The Humane Society of the United States and Humane Society Legislative Fund commend the U.S. House of Representatives for passing H.R. 2576, the Frank R. Lautenberg Chemical Safety for the 21st Century Act, which strengthens federal oversight over the use of tens of thousands of chemicals in commercial use and contains provisions to minimize and in some cases replace animal testing to evaluate chemical safety. Following months of negotiations, Congress came to final terms on reform of the Toxic Substances Control Act (TSCA) to modernize the scientific approach to chemical testing. The TSCA reform bill calls for quickly identifying chemicals that are most likely to pose health problems, and focusing resources on testing them more thoroughly. It also prioritizes the research and development of new testing methods and requires the use of existing validated alternatives to animal testing where available.

Wayne Pacelle, president and CEO of the HSUS, said: “This bill can save hundreds of thousands of animals from having harsh chemicals rubbed into their skin, forced down their throats and dropped in their eyes. These reforms improve the science behind chemical testing, encourage better safety decisions to protect the environment and human health, and reduce the terrible suffering animals endure through dosing them with these poisoning substances. By minimizing animal testing and focusing on the use of faster, cost effective, and more reliable testing methods, private companies and the federal government can save lives, time and money. We urge the Senate to pass this final TSCA reform and send the bill to the President’s desk for his signature.”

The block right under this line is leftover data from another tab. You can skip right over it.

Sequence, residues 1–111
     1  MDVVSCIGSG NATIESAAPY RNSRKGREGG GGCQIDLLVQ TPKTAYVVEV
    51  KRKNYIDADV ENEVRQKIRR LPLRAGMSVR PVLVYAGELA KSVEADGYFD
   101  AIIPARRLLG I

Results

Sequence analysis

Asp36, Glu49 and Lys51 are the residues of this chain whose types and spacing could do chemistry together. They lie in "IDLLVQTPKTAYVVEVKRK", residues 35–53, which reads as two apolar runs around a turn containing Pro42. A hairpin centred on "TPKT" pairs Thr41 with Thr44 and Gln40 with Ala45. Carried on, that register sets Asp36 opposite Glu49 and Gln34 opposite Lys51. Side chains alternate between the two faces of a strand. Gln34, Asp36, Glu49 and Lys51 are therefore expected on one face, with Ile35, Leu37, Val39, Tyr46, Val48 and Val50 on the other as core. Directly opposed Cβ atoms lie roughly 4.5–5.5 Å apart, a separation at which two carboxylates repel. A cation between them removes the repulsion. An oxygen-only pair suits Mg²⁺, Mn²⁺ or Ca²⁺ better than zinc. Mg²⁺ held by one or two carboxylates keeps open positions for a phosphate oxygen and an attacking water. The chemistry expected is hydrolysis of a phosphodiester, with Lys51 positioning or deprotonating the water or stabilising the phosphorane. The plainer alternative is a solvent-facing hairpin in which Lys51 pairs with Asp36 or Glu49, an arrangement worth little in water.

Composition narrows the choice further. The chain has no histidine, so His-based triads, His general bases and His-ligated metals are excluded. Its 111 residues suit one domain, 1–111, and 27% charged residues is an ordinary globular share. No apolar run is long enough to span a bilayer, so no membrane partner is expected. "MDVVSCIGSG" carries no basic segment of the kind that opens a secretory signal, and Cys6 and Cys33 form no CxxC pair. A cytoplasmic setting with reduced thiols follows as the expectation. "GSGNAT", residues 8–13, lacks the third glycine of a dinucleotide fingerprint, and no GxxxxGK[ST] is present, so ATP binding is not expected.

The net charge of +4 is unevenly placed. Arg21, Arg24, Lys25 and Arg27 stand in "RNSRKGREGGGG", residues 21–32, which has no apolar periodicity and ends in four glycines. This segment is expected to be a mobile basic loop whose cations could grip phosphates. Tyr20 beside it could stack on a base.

This provision restricting the use of animal testing marks a major development in the HSUS’s broader campaign to move away from hurting animals as a means of testing chemicals, cosmetics, pesticides and drugs. The HSUS and HSLF thank the following legislators for the leadership and support of this legislation: House Energy and Commerce Chairman Fred Upton, R-Mich., Ranking Member Frank Pallone, D-N.J., Subcommittee Chairman John Shimkus, R-Ill., Whip Steny Hoyer, D-Md., Leader Nancy Pelosi, D-Calif., and Rep. Earl Blumenauer, D-Ore.

The bill now goes to the Senate, where the groups expressed their thanks to Sens. Cory Booker, D-N.J., David Vitter, R-La., Tom Udall, D-N.M., Sheldon Whitehouse, D-R.I., Jeff Merkley, D-Ore., Senate Environment and Public Works Chairman Jim Inhofe, R-Okla., and Ranking Member Barbara Boxer, D-Calif., for their strong leadership and support of the anti-animal testing language in their version of the bill.

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